Local farmers in the spotlight
“The Kaharau Angus bull sale complex is theatre and efficiency, all in one,” writes Tim Fulton in one of three chapters about farmers from this region in his book, Kiwi Farmers' Guide to Life: Rural Tales from the Heartland.
In the book, Fulton tells the stories of New Zealand farmers and their families and traces the journeys that brought them to their particular piece of New Zealand. The book explores why farmers do what they do, rather than how.
Along with capturing the successes, challenges and love of rural life, Fulton canvasses racial discrimination, waterway pollution, sheep farming philosophy and parasite control technology.
The chapter, “A new era to treasure”, focuses on Penny and Pete Hoogerbrug who run Kaharau Angus stud at Rimunui Station, and outlines their experience in cattle breeding and sales.
“Penny says their objective is to breed fertile cattle that are phenotypically and genetically balanced with strong heads, jaws and bones.”
The chapter also touches on the farm-stay accommodation they run “to be able to share our beautiful corner of New Zealand with others who love the outdoors . . .”
Fulton's engaging, informative writing style comes with splashes of colour to present personable stories of the farmers' history, environment, experience, challenges, lifestyle and dreams. In his opening lines to the chapter, “Newmans plant seeds of success”, the author evokes a sense of history overlapped with the present.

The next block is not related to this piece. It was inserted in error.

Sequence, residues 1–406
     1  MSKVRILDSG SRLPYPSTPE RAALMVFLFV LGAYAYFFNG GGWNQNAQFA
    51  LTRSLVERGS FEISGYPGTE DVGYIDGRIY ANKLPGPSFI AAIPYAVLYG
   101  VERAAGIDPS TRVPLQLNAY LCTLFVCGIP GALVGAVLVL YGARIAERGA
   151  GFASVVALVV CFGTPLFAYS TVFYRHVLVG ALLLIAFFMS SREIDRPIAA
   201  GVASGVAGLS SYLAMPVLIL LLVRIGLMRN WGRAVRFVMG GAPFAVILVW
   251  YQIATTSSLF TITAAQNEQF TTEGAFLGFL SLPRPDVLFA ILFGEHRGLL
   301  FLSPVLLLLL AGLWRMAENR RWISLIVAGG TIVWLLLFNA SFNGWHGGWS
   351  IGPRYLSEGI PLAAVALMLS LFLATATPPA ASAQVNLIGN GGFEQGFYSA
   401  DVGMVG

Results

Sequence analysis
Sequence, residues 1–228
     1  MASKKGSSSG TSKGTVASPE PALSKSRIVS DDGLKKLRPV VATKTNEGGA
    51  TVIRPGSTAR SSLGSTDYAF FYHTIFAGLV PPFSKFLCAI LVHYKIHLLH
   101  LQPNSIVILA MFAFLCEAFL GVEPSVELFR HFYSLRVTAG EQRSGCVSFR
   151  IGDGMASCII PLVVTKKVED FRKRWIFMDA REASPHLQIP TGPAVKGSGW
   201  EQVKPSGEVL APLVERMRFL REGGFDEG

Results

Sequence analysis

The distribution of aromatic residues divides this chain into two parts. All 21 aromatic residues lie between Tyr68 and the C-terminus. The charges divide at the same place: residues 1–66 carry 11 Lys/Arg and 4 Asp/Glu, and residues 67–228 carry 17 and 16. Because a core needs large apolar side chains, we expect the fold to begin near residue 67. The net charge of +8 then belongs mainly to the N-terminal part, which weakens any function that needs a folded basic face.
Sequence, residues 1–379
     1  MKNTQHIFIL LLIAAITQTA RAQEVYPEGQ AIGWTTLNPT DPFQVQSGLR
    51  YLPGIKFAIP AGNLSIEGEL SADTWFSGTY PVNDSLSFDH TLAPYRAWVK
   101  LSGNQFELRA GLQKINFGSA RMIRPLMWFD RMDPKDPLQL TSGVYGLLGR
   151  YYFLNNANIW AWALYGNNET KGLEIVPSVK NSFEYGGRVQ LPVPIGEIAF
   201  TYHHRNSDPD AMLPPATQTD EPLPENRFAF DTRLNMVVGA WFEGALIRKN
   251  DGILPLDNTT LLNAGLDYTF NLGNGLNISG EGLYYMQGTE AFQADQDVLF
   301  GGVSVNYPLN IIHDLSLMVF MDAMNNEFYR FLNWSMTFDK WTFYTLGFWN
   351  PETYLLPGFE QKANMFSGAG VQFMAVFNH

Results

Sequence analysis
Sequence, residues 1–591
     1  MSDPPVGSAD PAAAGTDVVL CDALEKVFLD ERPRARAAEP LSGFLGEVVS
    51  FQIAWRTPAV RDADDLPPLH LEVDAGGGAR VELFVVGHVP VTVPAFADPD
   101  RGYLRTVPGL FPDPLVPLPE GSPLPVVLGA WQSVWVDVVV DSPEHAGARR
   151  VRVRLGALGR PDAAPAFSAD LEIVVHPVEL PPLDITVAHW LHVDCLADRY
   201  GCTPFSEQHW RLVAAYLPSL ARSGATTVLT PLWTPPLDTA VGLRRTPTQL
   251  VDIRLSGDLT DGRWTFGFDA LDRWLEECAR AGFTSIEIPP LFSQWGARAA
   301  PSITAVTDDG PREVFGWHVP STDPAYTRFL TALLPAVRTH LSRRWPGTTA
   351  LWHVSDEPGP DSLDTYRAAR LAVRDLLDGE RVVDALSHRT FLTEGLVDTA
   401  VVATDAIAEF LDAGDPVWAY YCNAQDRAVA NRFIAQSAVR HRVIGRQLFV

“Across the road from Tom and Amanda Newman's farm there's a ghostly relic of an agribusiness venture from another age.”
This is the ruins of the Waipaoa freezing works, which was abandoned within a generation.
Tom, the third generation of Newmans to farm the land since his grandfather, “sometimes ponders what may have been for the multi-storeyed concrete hulk, but when it comes to his own business, he has few regrets. Bred from a family of entrepreneurs, his attitude is more ‘nothing ventured, nothing gained'.”
Whanau-shareholder business Whangara Farms is at the centre of the chapter “Combining for powerful Whangara future” which focuses on the business's leadership in economic, environmental and ethical sustainability.
Whangara Farms' main focus is the health of the land and people, says chairwoman Ingrid Collins.
“Whakapapa will be the reason Whangara Farms endures centuries into the future. The land created our people. Our people cultivated our land. Our people return to the land. Our land turns over and provides a fresh bounty for our people.”
Among challenges Ingrid faces is balancing cultural imperatives with running the Whangara Farms business.
Ahuwhenua Maori Excellence in Farming award winner Richard Scholefield, general manager of Whangara Farms, recently bought Pa Nui Station near Mahia, and also features in this account and talks about operations and initiatives under the Land Environment Plan (LEP) that guides every farm decision-making for Whangara Farms' natural resources.